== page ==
What in the Devil Is A Size 6?

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The New York Sun

When Michelle Garcia walked out of the summer blockbuster “The Devil Wears Prada,” one line from the movie replayed itself in her mind: Size 6 is the new size 14.

The decree, spoken by the creative director of the film’s fictional fashion magazine, sparked outrage and a modicum of self-doubt in Ms. Garcia, a trim and toned 32-year-old who works as a fashion director for Sears Holdings Corp. in Lower Manhattan. “I’m a size 8,” she said. “If 6 is the new 14, what does that make me?”

By the time the film’s young protagonist triumphantly transforms herself into a size 4 at the end of the movie, viewers like Ms. Garcia may be pondering their own waistlines. Given that size 14 is widely viewed as the gateway to the plus-size stratosphere, many “Devil” worshippers said they wondered whether size 6 really is pushing the limits of overweight.


The notion of “perfect size 6” went out about a decade ago, a 35-year-old former model, Robin Hazelwood, said. “New York society today makes the social X-rays of the Tom Wolfe era seem positively Rubenesque,” Ms. Hazelwood, the New York-based author of the recently released novel “Model Student,” said. “Since the mid-1990s, when the waif look and heroin chic took hold, the pendulum never went back fully. The trend has dovetailed nicely with advances in cosmetic surgery.”

Especially in the fashion industry, in Hollywood, and in aspirational social circles, size — above all — matters, Ms. Hazelwood, who spent 13 years walking the runway and posing for print advertisements, said. “The upper limit is a 6, and that’s only acceptable, if you’re tall enough to stretch the weight out,” she said. “In New York boutiques, if you ask a salesperson to try on an 8, you can hear her gasping in horror.”

By contrast, outside of the New York-Los Angeles axis of emaciated, size 14 is the new size 6, according to Ms. Hazelwood, speaking by phone from Milwaukee — her hometown, and a stop on her book tour. “The average size here is probably the average size of America: 14 or 16.”


In large swaths of Middle America, women wearing smaller sizes, she said, are considered downright slender. So, for some women, insecurities arise only when they leave their non-coastal hometowns. Since moving to New York from Jackson, Miss., three years ago, a 26-year-old sales associate for fashion designer Cynthia Steffe, Caroline Scott, said she sometimes looks in the mirror and wishes she weighed less. “When I go home to Mississippi, where more people are overweight, I’m tiny and petite,” Ms. Scott, who wears a size 2, said. “When I come back here, I don’t feel as thin.”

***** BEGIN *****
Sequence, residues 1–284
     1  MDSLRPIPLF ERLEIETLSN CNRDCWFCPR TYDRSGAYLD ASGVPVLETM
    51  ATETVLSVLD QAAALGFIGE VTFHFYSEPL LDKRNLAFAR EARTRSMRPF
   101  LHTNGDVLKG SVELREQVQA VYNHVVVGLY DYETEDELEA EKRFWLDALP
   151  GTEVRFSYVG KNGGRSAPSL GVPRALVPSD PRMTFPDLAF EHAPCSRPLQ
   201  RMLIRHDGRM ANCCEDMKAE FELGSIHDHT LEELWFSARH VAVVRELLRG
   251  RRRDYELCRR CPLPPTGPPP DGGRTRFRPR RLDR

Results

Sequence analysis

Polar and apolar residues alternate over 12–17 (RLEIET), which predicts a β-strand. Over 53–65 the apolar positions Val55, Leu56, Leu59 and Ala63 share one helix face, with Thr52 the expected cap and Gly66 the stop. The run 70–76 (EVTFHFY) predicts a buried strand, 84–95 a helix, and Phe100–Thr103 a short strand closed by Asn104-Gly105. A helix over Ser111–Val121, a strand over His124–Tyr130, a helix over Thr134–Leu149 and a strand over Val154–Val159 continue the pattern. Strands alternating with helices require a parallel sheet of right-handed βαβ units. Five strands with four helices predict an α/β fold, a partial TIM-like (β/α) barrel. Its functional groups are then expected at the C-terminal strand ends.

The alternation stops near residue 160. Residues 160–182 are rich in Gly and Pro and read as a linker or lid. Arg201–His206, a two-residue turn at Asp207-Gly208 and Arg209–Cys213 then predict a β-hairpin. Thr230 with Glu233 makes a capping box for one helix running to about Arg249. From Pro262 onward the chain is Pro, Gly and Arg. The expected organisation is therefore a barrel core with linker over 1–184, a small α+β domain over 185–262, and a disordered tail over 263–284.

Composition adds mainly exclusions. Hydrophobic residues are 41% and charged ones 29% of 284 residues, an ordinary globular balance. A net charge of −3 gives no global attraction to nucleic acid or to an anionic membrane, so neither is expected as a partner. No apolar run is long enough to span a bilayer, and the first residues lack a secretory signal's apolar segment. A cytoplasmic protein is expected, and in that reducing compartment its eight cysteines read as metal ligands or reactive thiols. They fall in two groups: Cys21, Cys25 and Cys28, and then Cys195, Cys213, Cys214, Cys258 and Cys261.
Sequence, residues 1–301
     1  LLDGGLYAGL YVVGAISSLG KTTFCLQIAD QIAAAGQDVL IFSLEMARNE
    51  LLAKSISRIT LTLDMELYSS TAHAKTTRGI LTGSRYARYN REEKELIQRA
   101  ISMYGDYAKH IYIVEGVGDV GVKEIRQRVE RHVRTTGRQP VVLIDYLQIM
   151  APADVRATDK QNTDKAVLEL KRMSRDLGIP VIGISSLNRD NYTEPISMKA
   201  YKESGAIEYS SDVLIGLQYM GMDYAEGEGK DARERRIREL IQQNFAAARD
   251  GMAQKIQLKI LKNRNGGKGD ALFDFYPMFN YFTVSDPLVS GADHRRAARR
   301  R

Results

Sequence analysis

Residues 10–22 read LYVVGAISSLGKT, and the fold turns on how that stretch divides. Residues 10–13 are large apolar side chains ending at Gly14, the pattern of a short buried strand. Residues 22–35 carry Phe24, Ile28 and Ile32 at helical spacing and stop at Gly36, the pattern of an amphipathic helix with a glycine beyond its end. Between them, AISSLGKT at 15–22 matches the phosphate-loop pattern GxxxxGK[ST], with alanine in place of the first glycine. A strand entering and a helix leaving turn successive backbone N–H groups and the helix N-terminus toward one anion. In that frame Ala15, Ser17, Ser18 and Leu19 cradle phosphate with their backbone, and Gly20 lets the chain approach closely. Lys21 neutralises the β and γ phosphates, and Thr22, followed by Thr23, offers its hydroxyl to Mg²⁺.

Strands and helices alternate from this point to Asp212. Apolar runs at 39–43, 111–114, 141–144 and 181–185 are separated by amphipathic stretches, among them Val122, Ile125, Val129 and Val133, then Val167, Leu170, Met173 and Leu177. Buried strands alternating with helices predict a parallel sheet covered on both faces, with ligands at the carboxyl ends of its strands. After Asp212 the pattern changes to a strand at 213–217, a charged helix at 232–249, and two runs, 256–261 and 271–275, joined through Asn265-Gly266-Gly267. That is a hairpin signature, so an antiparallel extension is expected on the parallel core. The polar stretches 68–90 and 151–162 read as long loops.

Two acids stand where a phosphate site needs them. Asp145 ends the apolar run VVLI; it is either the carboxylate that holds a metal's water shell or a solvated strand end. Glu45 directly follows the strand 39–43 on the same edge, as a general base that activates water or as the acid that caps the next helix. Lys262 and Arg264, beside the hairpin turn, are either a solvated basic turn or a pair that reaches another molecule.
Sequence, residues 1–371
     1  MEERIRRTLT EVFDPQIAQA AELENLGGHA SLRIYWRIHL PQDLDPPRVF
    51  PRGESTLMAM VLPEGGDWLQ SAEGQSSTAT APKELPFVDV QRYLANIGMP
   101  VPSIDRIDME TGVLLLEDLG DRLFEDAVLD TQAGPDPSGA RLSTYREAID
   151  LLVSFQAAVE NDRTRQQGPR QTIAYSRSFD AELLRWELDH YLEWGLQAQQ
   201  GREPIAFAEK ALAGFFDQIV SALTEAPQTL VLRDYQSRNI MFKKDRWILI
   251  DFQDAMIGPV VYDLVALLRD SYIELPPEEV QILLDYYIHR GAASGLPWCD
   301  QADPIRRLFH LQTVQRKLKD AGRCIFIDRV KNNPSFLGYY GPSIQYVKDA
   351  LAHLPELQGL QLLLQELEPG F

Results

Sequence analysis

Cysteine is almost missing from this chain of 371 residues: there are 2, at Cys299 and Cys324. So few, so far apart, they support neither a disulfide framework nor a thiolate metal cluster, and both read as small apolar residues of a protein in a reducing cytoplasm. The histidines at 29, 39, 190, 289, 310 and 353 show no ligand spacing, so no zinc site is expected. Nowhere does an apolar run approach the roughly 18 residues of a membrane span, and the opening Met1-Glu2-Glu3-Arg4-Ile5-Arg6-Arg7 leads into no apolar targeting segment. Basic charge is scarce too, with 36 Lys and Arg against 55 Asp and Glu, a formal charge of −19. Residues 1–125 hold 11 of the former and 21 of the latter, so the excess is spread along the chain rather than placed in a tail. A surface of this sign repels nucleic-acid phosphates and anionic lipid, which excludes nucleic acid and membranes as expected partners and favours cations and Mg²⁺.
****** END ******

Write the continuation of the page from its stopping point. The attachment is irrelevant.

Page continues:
She said the size line in “Devil” made her laugh. “It’s so true,” Ms. Scott said. “It’s so warped, and I don’t think it’s just in the fashion industry. I think every man and woman in that movie theater could understand what it meant.”

A public relations specialist, Sara Fox, said she longs for the days when society appreciated curvaceous figures à la Marilyn Monroe, instead of skinny ones à la Nicole Richie and Lindsay Lohan. “I’m a size 6,” she said. “If that’s considered overweight, it’s sad.”


While statistics show that more than half of Americans are heavier than is healthy, most size-6 women are not, by a long shot, overweight. And not all New York women take their cues from “Devil,” or from “Desperate Housewives,” the ABC hit in which one woman starves herself to fit into a size 00 Dolce & Gabbana dress — while she is pregnant, no less. Women’s apparel retailers like Ashley Stewart, Lane Bryant, and Avenue have built successful businesses catering to plus-size customers. And guess what? They all have multiple stores in New York City.

A founding editor of the feminist magazine Ms., Letty Cottin Pogrebin, 67, surmised that the size complex was generational. Referring to a “Devil” character, a young woman who gives up eating before she is scheduled to leave for Paris’s fashion week, Ms. Pogrebin said: “I don’t think anyone over 50 would do that, unless they were pathological, or had to walk down the aisle as the mother-of-the-bride. They’re not agonizing over whether or not they’re a size 14.”

Younger women seem to care more, according to Ms. Pogrebin. “There’s an enormous cultural force emanating from supermodels, actresses, and socialites,” she said. “These women might not have enough to compete about. They should be competing to find solutions to environmental crises, or to the conflict in the Middle East — not who can fit into a size 0.”

This preoccupation has led some retailers put smaller sizes on ever-larger garments, a trend that’s been dubbed “vanity sizing.” In recent years, without gaining or losing a significant amount of weight, Ms. Pogrebin said her dress size has gone from a size 6 to a size 4. “Maybe it’s merciful,” she said. “Maybe they’re trying to shut us up, calm us down, and say, ‘It’s only a number.'”

The New York Sun

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